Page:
What makes people feel safe at night? On the science of street lights

Street lights in Kabul, shortly after they were installed for the first time in 2003. Image: Getty.

Winter is coming: the nights are drawing in and in the Northern Hemisphere the hours of darkness already outnumber the hours of daylight. Research has shown that darkness produces a big fall in the number of people out walking – and a major reason for this is that people feel less safe walking in the dark.

There may be an evolutionary explanation for why people feel less safe at night – we can’t see as well, and this may have exposed our ancestors to greater threat from predators. Nowadays, it’s not so much the prospect of being eaten by a savage beast that concerns would-be pedestrians, but the fear of being mugged or victimised.

Some studies suggest that new outdoor lighting can reduce crime rates in an area, but there is conflicting evidence on this. A large review of research found a link between new lighting and reduced crime rates, but improvements were seen in daylight as well as darkness, suggesting that street lighting is not the only factor. This review has also been criticised by other researchers, and a large statistical analysis found no link between crime rates and switching off or dimming street lighting at night.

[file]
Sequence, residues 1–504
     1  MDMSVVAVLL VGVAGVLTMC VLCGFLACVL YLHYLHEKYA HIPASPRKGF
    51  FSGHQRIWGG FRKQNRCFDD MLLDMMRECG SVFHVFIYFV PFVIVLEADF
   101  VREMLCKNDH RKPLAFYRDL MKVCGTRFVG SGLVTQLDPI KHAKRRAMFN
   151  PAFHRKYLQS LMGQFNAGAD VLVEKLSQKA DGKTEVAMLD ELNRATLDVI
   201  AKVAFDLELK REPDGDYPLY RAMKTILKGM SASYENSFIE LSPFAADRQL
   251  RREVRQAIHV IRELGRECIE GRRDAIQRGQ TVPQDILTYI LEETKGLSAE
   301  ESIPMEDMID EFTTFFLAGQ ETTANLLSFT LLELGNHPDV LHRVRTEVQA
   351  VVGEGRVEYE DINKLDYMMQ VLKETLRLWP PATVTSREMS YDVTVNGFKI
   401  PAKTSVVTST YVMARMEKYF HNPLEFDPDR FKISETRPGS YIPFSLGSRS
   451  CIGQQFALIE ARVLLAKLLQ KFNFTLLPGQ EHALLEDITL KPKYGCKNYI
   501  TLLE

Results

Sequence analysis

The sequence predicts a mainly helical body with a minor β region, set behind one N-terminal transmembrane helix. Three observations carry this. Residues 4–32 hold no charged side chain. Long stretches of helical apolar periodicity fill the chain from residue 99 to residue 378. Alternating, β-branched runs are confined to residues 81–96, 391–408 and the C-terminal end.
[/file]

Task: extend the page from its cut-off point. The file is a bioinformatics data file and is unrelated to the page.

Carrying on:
Street lights may or may not have an effect on crime, but one thing’s for sure – brighter levels of light do make people feel safer when walking at night. This can lead to a significant increase in the number of minutes people spend walking each week. It can also reduce the number of people who avoid leaving their homes at night, reduce social isolation, improve physical and mental well-being and increase community pride.

Street lighting can improve the quality of neighbourhood life by making people feel safer – but, even so, it would be unwise to flood our streets with light at night. Street lighting costs money: the UK’s annual bill is estimated at around £220m. Artificial light at night may also have a negative impact on wildlife and the natural world, for example by stunting the growth of frogs and toads and preventing them from laying their eggs.